The Mayo Memories of Sylvia Molstre #ThrowbackThursday
At 104 years old, Sylvia Molstre had accumulated a few stories. And a few scars. And a few stories about scars. Like the tiny scar that marks the spot where she had her appendix removed one Sunday afternoon by "Dr. Chuck," also known as Charles William Mayo, M.D., son of Dr. Charlie Mayo.
The story dates back a few years—about 84, give or take—to when Sylvia was a junior college student. It was a Sunday, and friends had come to join her family for lunch after church. But Sylvia couldn't enjoy their company. "I had terrible pain on my right side," she tells us. "I went to lie down." That's when Sylvia's mother called Dr. Chuck, whom she knew from her work as a part-time seamstress for his wife, Alice. "Mother was brave to call him on a Sunday afternoon," says Sylvia. But the needs of the patient come first (even before golf). And Sylvia's mother was told to bring Sylvia to Saint Marys Hospital, where Dr. Chuck met them and removed the offending appendix. "He made just a little two-inch incision," says Sylvia. "He said he scared it out."
Like her mother, Sylvia also did some part-time work for Dr. Chuck's family, helping the family's nanny and their cook on a number of occasions. She enjoys sharing those memories. "The children needed to be in play clothes in the morning, nicer clothes in the afternoon," Sylvia recalls. And dinners were a formal affair. "I learned to serve from left to right," Sylvia says. She also worked for Mayo Clinic proper, starting out "up on the top floor of the clinic where they hired doctors and nurses." She spent a few weeks checking references on potential hires, then moved to the purchasing department, before landing in the business office, where she worked under Gilbert Utz, Mayo's first comptroller. And since "it was right when Social Security went into effect," that meant working to ensure all of Mayo's employees—then totaling around 400, as she recalls—got their Social Security numbers. She also "had to keep track of the loans Mayo made to the doctors, and then we'd have to take some out of their checks each month until the loans were paid back."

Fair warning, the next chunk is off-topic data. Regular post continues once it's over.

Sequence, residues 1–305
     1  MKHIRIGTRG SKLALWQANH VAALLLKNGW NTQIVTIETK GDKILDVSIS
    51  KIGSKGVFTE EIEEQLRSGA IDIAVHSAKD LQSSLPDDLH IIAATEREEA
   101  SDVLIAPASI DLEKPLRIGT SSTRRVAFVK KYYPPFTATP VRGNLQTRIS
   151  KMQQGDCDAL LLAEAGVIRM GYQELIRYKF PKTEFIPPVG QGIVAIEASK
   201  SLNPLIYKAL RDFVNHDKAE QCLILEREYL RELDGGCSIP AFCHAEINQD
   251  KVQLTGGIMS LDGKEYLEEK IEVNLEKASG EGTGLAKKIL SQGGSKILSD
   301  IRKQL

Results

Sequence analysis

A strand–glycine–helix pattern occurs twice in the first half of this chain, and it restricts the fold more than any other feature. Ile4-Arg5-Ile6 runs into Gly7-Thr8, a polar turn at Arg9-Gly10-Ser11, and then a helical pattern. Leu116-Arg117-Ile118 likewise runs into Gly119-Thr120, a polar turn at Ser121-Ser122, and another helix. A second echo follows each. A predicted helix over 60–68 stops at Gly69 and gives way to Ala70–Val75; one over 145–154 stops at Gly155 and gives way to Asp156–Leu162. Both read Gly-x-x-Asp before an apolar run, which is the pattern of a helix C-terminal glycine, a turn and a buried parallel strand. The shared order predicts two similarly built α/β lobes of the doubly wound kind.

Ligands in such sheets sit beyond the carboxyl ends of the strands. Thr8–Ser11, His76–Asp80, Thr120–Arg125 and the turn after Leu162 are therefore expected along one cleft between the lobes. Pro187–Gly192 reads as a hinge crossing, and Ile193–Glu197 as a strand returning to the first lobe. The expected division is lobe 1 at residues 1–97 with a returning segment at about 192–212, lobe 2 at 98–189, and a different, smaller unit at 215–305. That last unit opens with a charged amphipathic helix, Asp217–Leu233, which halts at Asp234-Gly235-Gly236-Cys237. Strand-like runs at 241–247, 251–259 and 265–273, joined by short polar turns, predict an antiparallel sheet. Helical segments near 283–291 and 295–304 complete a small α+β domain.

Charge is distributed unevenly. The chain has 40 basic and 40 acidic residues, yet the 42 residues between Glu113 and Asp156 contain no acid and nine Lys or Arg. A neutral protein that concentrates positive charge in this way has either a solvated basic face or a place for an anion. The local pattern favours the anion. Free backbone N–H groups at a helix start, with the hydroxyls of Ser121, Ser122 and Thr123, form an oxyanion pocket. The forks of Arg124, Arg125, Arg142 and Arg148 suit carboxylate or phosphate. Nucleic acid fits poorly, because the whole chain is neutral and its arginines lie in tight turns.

Sylvia worked at Mayo for more than three years before leaving in 1939 after marrying a seminary student she'd met at a friend's wedding. His first pastoral call took the young couple to Washington State, where parishioners sometimes called Sylvia for medical advice—until her husband explained his wife's job at Mayo Clinic had been on the business side of the operation.
Eventually, the couple would make their way back to the Midwest, and even back to Mayo Clinic. After one of their sons developed a brain tumor, they brought him to Rochester because, Sylvia says, "we had confidence in Mayo." Though they didn't find a cure for their son, they did find comfort from the doctor who cared for him. He'd been a classmate of Sylvia's husband's at St. Olaf College, and he told the Molstres, "I'll treat this just like I would if it was my own son." That's the same sort of compassion Sylvia says she had experienced from another Mayo doctor many years before. "Dr. Chuck was always kind," Sylvia says. "He took time with you."